TRIAD is a cooperative effort of law enforcement agencies (police/fire/sheriffs), senior citizens, and senior organizations, focused on reducing crimes against our most vulnerable citizens: our seniors.
The goal of TRIAD is to reduce the fear of crime and victimization among seniors by increasing awareness of scams and frauds targeting them, strengthening communication between the law enforcement and senior communities, and educating seniors on local and state resources that are available in their community. This goal is accomplished through speaking engagements, community collaborations, targeted trainings for seniors and law enforcement practitioners, providing a support mechanism to current local TRIAD groups, and marketing the TRIAD concept to non-participating localities. Today, Virginia has a total of 200 cities, counties, and towns with signed TRIAD agreements. Virginia TRIAD has also been recognized by the National Association of TRIADs, Inc. as having the highest number of active local groups nationwide and is the only state in the nation with a statewide coordinated office at the Executive Level of government.
The Virginia Triad Office can provide information and resources to Triad chapters across the Commonwealth. We can also assist you in organizing your Triad, planning ideas and programs for your seniors, and provide training opportunities for law enforcement, senior volunteers, and community groups.
Some Frequently Asked Questions (FAQ's) about Triad:
What do the letters in Triad stand for? Triad is not an acronym. The term refers to the three founding organizations of Triad: AARP, the International Association of Chiefs of Police (IACP), and the National Sheriffs' Association (NSA).
What is the purpose of Triad? Triad seeks to build partnerships between senior citizens and law enforcement to share information on how seniors can avoid becoming victims of crime and enhance the safety and quality of their lives.
Isn't Triad just another program? Triad is not a program; it's a partnership between senior citizens and law enforcement. Both groups benefit the community by sharing goals, desires, information and resources.
How much does it cost to have a Triad partnership in time and money? There is no cost involved in having a Triad in your community. In fact, many police departments and sheriff's offices report saving thousands of dollars a year by having Triad volunteers assist with routine phone calls and paperwork, freeing up their officers and deputies for other duties.
Who is responsible for making Triad work? If Triad is the car, the S.A.L.T. Council (Seniors And Law enforcement Together) is the engine that drives the car. The S.A.L.T. Council is usually made up of from 10 to 20 representatives of community agencies that work with, or for, the elderly. The S.A.L.T. Council meets at least quarterly (usually monthly) to keep abreast of the needs of senior citizens in the community and make plans to address these needs.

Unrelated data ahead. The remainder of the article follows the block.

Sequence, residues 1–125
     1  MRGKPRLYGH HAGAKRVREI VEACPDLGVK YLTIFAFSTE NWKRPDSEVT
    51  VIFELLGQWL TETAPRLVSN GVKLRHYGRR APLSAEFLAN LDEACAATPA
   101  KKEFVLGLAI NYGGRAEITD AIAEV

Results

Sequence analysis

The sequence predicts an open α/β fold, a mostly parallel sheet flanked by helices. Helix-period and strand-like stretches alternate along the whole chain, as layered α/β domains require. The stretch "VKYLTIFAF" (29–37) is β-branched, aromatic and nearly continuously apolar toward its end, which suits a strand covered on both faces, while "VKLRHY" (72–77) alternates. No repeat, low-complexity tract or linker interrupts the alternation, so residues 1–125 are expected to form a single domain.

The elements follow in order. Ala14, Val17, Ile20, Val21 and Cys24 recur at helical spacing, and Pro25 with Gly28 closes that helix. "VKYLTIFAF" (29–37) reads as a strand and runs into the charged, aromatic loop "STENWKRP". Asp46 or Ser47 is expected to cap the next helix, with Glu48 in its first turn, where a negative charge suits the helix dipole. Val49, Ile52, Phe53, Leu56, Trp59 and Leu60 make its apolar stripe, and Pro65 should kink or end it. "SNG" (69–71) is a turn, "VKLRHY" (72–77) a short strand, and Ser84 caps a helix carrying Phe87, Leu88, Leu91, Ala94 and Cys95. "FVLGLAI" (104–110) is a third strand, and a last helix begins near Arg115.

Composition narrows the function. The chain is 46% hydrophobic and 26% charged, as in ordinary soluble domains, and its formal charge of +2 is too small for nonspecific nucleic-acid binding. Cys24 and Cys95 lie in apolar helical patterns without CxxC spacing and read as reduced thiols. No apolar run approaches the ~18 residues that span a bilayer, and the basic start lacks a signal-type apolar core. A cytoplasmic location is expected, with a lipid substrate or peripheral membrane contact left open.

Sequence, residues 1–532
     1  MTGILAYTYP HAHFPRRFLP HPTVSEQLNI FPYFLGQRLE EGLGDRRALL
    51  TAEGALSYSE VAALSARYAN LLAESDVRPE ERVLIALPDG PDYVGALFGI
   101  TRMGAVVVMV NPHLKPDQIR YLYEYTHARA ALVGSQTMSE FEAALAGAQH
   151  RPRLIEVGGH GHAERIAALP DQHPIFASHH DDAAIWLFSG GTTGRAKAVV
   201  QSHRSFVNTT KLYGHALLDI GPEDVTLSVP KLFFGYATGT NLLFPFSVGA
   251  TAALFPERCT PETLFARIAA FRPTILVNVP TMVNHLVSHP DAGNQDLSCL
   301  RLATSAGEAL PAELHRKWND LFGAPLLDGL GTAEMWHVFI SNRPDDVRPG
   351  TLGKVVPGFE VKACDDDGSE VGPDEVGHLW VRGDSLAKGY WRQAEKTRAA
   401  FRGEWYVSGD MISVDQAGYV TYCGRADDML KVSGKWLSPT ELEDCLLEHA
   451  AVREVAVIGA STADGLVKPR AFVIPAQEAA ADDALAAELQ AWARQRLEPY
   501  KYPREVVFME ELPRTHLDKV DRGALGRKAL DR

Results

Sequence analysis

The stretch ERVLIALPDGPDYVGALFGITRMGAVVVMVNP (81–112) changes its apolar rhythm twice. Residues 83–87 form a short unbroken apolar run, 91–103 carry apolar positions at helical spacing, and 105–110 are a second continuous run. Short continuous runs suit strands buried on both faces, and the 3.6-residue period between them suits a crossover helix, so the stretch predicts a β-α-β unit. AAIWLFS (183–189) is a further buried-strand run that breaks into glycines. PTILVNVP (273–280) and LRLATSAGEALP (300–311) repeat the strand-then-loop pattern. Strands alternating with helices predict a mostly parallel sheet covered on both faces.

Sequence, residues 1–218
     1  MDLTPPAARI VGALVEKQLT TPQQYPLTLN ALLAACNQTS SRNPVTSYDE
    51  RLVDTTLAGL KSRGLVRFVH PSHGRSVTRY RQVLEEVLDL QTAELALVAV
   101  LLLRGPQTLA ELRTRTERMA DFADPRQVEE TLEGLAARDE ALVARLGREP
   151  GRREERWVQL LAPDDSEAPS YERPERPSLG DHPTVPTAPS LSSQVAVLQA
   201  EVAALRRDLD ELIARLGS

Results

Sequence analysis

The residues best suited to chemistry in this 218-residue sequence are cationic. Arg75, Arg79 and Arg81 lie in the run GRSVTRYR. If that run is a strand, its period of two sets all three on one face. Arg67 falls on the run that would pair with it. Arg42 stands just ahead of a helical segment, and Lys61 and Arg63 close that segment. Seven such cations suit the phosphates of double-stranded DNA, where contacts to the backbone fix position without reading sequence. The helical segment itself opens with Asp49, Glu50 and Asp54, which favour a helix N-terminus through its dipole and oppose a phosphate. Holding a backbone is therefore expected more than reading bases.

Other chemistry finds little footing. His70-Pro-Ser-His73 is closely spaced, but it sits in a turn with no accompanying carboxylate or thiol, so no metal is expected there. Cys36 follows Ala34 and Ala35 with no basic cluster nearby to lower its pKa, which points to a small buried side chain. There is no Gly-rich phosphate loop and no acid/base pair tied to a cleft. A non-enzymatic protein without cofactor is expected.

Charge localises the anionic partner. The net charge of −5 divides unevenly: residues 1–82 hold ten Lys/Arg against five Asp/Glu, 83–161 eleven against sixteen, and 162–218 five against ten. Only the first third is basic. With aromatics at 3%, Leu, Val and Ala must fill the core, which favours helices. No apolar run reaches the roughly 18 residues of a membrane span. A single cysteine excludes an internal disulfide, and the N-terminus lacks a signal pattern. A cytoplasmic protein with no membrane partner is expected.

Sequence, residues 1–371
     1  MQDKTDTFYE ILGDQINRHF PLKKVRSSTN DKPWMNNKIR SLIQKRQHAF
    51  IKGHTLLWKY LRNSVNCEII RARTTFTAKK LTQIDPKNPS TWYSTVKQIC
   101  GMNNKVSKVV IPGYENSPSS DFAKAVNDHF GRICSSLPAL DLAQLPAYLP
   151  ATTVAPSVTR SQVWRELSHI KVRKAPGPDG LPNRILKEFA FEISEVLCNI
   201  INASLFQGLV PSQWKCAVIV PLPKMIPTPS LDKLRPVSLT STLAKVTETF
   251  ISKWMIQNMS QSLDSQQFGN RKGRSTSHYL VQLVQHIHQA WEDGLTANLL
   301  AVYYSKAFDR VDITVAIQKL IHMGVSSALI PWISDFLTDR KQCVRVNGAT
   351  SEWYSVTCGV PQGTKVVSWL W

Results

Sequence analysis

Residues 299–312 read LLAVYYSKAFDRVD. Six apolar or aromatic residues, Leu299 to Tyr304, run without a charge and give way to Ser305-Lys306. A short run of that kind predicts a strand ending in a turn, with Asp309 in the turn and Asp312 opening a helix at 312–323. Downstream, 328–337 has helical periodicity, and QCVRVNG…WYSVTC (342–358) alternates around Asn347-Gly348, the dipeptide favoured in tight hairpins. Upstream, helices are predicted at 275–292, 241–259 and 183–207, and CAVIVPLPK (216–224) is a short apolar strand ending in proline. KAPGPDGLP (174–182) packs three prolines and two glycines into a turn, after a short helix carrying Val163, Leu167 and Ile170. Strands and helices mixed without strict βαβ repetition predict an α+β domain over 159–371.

How do short-staffed law enforcement agencies find the time for Triad?
The main purpose of the law enforcement involvement in Triad is to advise the S.A.L.T. Council about the latest frauds and scams being tried in the community, as well as any crime prevention tips they may have to offer. This usually means sending an officer or deputy to the S.A.L.T. Council meetings for one hour a month.
Does Triad really work?
In communities where Triad is actively informing seniors about frauds and scams, law enforcement agencies report a drop in the amount of these crimes being committed. Scam artists naturally seek seniors who are uninformed about their frauds. Anecdotal evidence and testimony abound about how those trained by Triad partnerships simply refuse to be taken in by these criminals.
Does Triad work better in large cities or small towns?
Triad is entirely community-based. Therefore, each locality decides what they need to do on their own. What works in Richmond may not work in Vinton, and vice-versa. But every community, large or small, can benefit from the information and services provided by Triad.
How do we get started?
First, identify the catalyst: One leader in the community must be willing to carry the torch and reach out to other agency/organization leaders, asking them to join a partnership to keep seniors safe. This person is usually in a prominent position, such as the sheriff, a police chief, the Commonwealth's Attorney, or other elected official. Have them contact the Director of Community Outreach at (804) 786-2071 or email@example.com.
For more information, visit the Triad webpage or if your area has or is considering forming a Triad, contact your local sheriff or police or email the Director of Programs and Community Outreach at firstname.lastname@example.org.